at Children's Theatre Company through October 2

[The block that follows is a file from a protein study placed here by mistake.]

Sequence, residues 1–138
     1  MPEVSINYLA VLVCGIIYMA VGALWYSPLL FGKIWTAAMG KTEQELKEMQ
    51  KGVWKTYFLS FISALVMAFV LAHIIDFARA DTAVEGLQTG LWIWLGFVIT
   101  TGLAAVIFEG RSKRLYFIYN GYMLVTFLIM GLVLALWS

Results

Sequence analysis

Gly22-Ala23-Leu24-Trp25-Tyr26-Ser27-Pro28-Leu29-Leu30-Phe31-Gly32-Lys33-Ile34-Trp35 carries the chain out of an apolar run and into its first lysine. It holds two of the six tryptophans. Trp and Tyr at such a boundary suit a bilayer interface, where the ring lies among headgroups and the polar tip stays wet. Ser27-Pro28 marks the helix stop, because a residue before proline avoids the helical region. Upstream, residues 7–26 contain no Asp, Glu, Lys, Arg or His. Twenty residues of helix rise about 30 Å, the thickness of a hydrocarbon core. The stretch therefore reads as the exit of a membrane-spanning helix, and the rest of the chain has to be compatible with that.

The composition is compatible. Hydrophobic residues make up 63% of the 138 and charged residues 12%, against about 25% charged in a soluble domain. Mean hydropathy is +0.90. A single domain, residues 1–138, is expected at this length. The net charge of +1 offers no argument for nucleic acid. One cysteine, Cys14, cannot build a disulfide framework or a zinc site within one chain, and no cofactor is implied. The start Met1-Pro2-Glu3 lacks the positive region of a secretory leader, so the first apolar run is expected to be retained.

The bedtime story was one of the most reliable childhood balms, a ligature between the rigors of young life and the unknowable things that lay waiting in the night. Douglas Irvine's adaptation of J.M. Barrie's Peter Pan (produced in collaboration between CTC and Scotland's Visible Fictions) grasps the concept with knowing vigor, rendering a familiar story with passion and power worthy of the most complicated childhood dreams. Here the action is firmly focused on Wendy (Elise Langer), presented as both a young girl exhilarated with, and as a grown mother faintly haunted by, her adventures with the weird, eternally young Peter (Brandon Weinbrenner). Fabrizio Montecchi's set and shadow-puppet concept contribute mightily to a production that allows the strange undercurrents of Barrie's world to breathe. While the less far-flown aspects of the story occur on an almost bare stage, with minimal props, when matters transport to Neverland the action is writ large through ornate and visually witty shadow puppets. In a nice piece of legerdermain, the players routinely cross behind the screen on which the puppet forms are projected, the actors replaced seamlessly by their two-dimensional surrogates. Bob Davis eventually emerges as Hook toward the end (having primarily voiced the captain's puppet until now), delivering a funny death speech and engaging in some straight-ahead swordplay with Weinbrenner (whose Peter has just finished fatally dispatching a good deal of Hook's crew). But along with the adventure are some fascinating, squishy tones: Peter and Wendy's relationship, such as it is, would keep a phalanx of analysts occupied, and in one shocking moment Peter appears ready to stab a child to death to keep his off-kilter fantasy life afloat. Weinbrenner hits the right notes, conveying both the wonder of his character and the central self-delusion and borderline nuttiness to which it is linked. This is a show aimed at the grade-school set, who surely understand far more than they are able (or willing) to articulate, but as a piece of theater it stands quite nicely on its own merits as a moving, bittersweet, and transporting work.